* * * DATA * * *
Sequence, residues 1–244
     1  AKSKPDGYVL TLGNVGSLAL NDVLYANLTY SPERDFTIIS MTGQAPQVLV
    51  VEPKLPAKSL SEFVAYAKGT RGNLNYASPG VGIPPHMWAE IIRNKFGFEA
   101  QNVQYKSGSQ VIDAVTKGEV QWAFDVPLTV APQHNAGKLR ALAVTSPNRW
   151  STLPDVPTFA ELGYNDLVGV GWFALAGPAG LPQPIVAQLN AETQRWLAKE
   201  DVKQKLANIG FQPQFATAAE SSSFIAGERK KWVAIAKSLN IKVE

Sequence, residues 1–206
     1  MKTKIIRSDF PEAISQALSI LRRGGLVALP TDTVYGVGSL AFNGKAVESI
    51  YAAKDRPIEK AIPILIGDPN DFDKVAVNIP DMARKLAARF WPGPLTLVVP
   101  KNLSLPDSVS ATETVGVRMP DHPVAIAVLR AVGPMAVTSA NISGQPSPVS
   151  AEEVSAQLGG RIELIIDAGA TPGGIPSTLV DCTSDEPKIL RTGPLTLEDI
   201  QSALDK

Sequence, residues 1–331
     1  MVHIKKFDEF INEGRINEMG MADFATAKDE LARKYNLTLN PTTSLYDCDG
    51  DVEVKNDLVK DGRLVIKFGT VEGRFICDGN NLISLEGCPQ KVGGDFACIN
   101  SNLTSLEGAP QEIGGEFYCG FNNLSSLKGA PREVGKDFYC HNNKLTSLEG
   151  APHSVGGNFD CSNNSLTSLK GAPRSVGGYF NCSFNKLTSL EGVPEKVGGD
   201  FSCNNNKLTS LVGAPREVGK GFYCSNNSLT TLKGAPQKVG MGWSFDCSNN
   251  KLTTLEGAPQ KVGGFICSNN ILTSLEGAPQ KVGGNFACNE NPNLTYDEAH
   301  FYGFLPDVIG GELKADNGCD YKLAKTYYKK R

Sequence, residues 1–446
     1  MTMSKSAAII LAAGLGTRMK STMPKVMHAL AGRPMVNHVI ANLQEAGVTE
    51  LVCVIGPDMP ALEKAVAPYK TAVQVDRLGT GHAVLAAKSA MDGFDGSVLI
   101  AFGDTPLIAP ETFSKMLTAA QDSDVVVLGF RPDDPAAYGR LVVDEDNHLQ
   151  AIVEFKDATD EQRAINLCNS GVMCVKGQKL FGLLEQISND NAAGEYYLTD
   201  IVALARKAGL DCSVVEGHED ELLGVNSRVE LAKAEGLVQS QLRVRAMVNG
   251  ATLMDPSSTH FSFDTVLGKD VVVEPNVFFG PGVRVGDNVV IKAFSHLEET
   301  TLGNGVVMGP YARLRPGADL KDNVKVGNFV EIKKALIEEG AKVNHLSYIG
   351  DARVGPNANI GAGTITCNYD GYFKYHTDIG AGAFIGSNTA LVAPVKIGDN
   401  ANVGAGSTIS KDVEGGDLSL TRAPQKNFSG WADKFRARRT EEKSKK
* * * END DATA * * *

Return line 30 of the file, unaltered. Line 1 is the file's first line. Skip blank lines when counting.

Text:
   401  ANVGAGSTIS KDVEGGDLSL TRAPQKNFSG WADKFRARRT EEKSKK